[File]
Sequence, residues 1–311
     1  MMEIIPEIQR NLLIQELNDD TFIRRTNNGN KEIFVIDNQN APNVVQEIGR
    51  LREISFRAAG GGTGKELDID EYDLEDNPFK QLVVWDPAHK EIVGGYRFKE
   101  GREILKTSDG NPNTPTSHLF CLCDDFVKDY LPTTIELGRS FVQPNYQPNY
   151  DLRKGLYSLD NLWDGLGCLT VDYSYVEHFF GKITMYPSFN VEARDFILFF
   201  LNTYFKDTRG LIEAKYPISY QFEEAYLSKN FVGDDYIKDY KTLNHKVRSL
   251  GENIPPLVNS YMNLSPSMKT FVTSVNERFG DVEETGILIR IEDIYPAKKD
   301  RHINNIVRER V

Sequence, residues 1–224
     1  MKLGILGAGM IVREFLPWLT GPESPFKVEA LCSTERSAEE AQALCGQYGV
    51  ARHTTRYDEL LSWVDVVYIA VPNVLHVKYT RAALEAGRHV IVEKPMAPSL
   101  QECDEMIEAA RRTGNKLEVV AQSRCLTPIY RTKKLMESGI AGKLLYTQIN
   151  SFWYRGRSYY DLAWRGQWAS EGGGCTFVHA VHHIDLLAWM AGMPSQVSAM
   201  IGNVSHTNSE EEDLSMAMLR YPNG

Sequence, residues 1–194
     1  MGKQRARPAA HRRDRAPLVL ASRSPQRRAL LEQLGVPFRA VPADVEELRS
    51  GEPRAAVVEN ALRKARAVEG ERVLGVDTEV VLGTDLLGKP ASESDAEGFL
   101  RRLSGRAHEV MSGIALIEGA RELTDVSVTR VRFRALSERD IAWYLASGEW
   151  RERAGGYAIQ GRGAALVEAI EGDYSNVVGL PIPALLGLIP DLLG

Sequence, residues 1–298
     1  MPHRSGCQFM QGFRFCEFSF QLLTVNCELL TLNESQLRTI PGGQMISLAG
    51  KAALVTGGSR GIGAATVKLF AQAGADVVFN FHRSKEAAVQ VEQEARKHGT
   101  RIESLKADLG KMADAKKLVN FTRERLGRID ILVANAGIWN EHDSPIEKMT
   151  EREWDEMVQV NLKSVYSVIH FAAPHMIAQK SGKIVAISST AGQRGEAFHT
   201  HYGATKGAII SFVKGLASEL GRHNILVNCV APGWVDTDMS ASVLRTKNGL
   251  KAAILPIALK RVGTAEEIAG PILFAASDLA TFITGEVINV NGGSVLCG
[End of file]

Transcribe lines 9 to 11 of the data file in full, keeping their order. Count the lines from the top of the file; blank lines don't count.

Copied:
Sequence, residues 1–224
     1  MKLGILGAGM IVREFLPWLT GPESPFKVEA LCSTERSAEE AQALCGQYGV
    51  ARHTTRYDEL LSWVDVVYIA VPNVLHVKYT RAALEAGRHV IVEKPMAPSL